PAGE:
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Friday, Feb. 15, 2002
Pilgrims taking the long and winding road to ramen heaven
By KAORI SHOJI
One mind-boggling feature of Japan's media is its sheer, singleminded dedication to and passionate obsession with food. This especially applies to the genre known as menrui (noodles). From somen and soba to Vietnamese pho and supa (spaghetti), the Japanese have always had an inordinate love for nagai mono (long stuff), not least because it connotes longevity and prosperity. Long live the long stuff.
Of these, ramen is in a league of its own. Engage any Japanese over 10 and under 90 on this particular topic, then stand back and see what happens. Their pupils will dilate imperceptibly, their lips will moisten and part, and each cheek will flush rosily as they open their hearts to share their ramen secrets. Not all Japanese are o-cha (green tea) drinkers, much less versed in chado (The Way of Tea), but ramen -- now here is a true Japanese ritual and preoccupation that transcends age and location. Make no mistake, people are very, very serious about it.
In the one camp are the ramen-ya (ramen shop chefs, and we're talking top-notch here) who at this point in time have reached a status on a par with, say, girl group Morning Musume. In other words, theirs is celebrityhood tinged with familiarity. They walk down the street and people will direct the obligatory ganbatte kudasai (work hard, we're rooting for you!) at their retreating figures. In this way, a famous ramen-ya can wield the kind of influence high-powered bureaucrats only dream about.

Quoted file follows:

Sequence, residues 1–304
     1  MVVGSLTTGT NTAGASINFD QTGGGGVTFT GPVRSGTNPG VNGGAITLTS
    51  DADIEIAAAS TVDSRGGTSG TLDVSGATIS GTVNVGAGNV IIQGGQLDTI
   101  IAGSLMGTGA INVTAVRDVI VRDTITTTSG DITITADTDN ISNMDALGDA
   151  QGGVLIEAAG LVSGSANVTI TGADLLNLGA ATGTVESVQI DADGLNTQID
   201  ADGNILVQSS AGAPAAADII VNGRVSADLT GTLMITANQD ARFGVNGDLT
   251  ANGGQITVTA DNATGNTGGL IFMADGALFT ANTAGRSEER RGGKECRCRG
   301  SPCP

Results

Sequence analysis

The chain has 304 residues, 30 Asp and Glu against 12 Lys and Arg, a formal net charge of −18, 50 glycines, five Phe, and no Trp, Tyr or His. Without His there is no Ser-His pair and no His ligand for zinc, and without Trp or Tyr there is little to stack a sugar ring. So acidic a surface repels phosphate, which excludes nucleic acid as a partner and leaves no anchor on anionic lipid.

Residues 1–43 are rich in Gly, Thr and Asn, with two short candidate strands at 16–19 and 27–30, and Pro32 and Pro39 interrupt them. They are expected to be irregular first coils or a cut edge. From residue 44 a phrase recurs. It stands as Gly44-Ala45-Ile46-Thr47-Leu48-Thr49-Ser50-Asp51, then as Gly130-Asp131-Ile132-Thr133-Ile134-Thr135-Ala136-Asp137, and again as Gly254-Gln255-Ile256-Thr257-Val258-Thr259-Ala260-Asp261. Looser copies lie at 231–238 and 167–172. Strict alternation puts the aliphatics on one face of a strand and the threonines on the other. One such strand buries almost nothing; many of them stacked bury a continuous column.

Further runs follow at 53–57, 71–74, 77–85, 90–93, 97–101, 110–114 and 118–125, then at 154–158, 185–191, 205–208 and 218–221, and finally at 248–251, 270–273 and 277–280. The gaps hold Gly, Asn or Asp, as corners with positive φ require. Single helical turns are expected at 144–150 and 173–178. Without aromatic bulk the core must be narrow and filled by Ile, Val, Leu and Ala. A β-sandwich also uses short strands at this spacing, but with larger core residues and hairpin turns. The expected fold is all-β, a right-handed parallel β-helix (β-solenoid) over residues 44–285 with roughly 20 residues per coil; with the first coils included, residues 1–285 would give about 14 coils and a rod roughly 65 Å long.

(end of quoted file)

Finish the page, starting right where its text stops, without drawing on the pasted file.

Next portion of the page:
In the opposing camp (or on the opposite side of the counter) is the o-kyaku (customer, and we're talking your average bloke) who at this point in time has reached a state of servility on a par with sheep. The o-kyaku will do almost anything for what is deemed the kyukyoku no ramen (the ultimate ramen), having been conditioned to believe such a thing exists by countless TV and radio shows, manga stories, magazine articles, travel brochures, etc.
This ultimate ramen is a phantom of the Japanese imagination, designed to forever elude and tease. Still, we can't help but search for it, waiting in long lines in freezing weather, convinced that, surely, the next bowl could be it.
The adjectives that describe the ideal ramen are always the same: The soup is atsu-atsu (piping hot), the men (noodles) are tsuru-tsuru (shiny smooth) and shiko-shiko (zesty on the palate), and the chashu (roast pork) that rests on top of the noodles is atsusugizu, ususugizu (not too thick and not too thin). Put 'em all together and the experience is such that certain other physical activities pale in comparison.
Recently, however, the scales have tipped too far. Some ramen-ya have come to think of themselves as demigods, and have taken to opening shops with names like Men-Kui Dojo (the noodle-eating dojo) or Ramen Kyokai (the church of ramen). In these establishments, ramen-eating is the equivalent of building karma or practicing kendo -- something spiritual that entails bowing deeply to the chef, reading every single house rule pasted on the wall and assuming the attitude of a Tibetan monk from an exceptionally rigorous order.
I've seen girls dissolve in tears because the ramen-ya yelled at them for drinking water before touching the soup. One pony-tailed o-kyaku was ordered off the premises because his bangs were too long and might fall into the sacred bowl. And at one place in Ogikubo, aka the Ramen War Zone, five o-kyaku had to wait 30 minutes in a line outside, then another 20 inside, only to be told that the place was closing for the night and that they would have to leave immediately.
Feeling hungry? Get ready to pray.